A simulated black hole from NASA that Su Wen-Chi thought best illustrates her yet unnamed and unfinished work.
Dance is a play with gravity; and one that choreographer Su Wen-Chi is exploring on the level of a physicist.
The Taiwanese choreographer is going deep on the subject of gravity – its subtlety and its power – in her latest work-in-progress. Yet unnamed, it’s taking shape during a residency at the EMPAC at Rensselaer and rightly so. Much of what is developed on the Troy campus is scientific, academic and, of course, experimental. And while the work, as shown on Thursday evening, is clearly in its infancy, Su’s work offers some sparks of promising inspiration.
For one thing, her single dancer in the piece, a man named Adam (last name not given), actually dances. Anyone who is familiar with EMPAC knows that walking in a circle, crawling through a hoop or standing at a podium is often, annoyingly, deemed to be dance. Thus, I was well-pleased when I saw that Adam moved, and moved well.
In the opening section of five shown, the soloist is revealed by the flash of strobe lights that freezes him in various states of movement. He hops in arabesque and cartwheels his legs behind him. His arm shoots upwards, but the feeling is gentle, carefree. He doesn’t devour the space, he freely inhabits it, comfortable with the gravitation pull.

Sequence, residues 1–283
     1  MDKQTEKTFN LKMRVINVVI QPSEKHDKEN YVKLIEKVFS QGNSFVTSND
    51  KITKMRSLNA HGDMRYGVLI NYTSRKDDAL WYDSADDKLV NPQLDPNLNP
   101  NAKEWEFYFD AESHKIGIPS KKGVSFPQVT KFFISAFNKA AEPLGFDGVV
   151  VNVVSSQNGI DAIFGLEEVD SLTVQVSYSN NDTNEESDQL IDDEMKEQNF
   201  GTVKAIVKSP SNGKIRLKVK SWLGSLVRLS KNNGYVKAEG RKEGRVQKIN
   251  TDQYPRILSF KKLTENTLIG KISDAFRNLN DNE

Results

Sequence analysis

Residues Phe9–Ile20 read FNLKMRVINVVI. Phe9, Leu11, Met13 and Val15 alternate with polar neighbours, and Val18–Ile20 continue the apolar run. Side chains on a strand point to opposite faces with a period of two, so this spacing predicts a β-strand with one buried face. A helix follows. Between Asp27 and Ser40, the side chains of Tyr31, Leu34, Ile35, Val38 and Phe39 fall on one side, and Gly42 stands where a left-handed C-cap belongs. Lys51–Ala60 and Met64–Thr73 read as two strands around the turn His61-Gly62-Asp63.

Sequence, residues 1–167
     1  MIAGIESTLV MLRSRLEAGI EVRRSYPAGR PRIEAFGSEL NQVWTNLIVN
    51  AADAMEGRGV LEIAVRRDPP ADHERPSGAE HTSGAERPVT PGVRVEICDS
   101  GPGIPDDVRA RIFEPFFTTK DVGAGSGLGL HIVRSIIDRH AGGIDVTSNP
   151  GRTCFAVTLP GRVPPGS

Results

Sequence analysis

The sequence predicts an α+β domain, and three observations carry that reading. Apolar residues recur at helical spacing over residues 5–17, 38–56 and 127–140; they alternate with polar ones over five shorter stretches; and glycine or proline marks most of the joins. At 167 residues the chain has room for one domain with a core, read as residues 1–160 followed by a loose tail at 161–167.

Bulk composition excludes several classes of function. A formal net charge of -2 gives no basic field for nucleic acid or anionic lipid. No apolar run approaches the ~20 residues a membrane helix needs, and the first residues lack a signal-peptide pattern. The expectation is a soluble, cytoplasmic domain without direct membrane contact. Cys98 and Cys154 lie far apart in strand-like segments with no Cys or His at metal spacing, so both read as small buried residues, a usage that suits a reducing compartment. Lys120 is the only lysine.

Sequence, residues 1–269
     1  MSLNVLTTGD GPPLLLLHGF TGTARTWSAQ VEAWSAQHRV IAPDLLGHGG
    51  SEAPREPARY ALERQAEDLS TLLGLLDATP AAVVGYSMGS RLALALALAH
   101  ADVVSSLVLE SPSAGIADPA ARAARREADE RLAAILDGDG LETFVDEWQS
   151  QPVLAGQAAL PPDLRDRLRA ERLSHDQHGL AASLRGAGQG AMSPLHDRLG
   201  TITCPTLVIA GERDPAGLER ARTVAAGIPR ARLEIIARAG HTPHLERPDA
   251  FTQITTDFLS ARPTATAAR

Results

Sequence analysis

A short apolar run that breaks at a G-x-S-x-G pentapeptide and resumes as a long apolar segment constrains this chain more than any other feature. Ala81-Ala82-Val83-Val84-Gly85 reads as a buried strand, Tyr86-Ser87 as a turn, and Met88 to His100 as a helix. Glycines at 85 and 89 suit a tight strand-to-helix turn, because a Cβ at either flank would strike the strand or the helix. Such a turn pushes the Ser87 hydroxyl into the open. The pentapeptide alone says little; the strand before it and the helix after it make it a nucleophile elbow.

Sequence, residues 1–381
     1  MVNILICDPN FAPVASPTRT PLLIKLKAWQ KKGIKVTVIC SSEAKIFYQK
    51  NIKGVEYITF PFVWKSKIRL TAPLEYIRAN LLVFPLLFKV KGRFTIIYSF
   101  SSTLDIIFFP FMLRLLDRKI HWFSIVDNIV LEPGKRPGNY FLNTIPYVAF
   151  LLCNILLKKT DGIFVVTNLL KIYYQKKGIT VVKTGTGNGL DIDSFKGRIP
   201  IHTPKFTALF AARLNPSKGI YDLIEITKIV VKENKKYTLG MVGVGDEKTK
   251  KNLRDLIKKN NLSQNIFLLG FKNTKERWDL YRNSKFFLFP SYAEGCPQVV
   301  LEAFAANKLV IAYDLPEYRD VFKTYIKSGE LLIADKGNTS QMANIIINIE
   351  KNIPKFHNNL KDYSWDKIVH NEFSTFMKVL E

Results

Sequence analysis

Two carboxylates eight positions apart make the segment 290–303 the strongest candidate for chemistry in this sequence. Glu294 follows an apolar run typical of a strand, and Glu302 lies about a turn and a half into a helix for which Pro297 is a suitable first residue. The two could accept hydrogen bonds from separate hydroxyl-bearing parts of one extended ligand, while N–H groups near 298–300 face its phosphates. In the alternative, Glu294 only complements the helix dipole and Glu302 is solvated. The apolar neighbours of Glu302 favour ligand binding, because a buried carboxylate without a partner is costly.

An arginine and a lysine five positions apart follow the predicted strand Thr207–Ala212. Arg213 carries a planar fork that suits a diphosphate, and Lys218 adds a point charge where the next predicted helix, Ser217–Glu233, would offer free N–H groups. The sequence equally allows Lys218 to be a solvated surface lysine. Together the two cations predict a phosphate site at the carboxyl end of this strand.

That section moves onto one in which ambient sounds hums while his limbs float upwards – above his body as if gravity no longer exists.
Music is added – at various speeds – and his solo becomes gestural as if demonstrating how to live or cope in the force field of our often taxing world.
The lighting design was spectacular, a whirlpool of dotted lights that left one seeing Adam tumbling through the universe. At one point, the audience is allowed to take the stage. The experience from there, with the lights and sound in the Goodman Studio rotating around the crowd, was intriguing. But equally fascinating was the view from the seats – with the audience in silhouette, they looked like aliens exploring an uncharted cosmos.
The only problem with the unfinished piece, and this was likely because it was in-progress, was Su. She kept stopping the show to explain what she was trying to do in each scene. And as much of what she was describing was beyond my comprehension, it was not helpful, only bothersome.
I prefer the dancing, the lights and even the unusual sounds. No narration needed.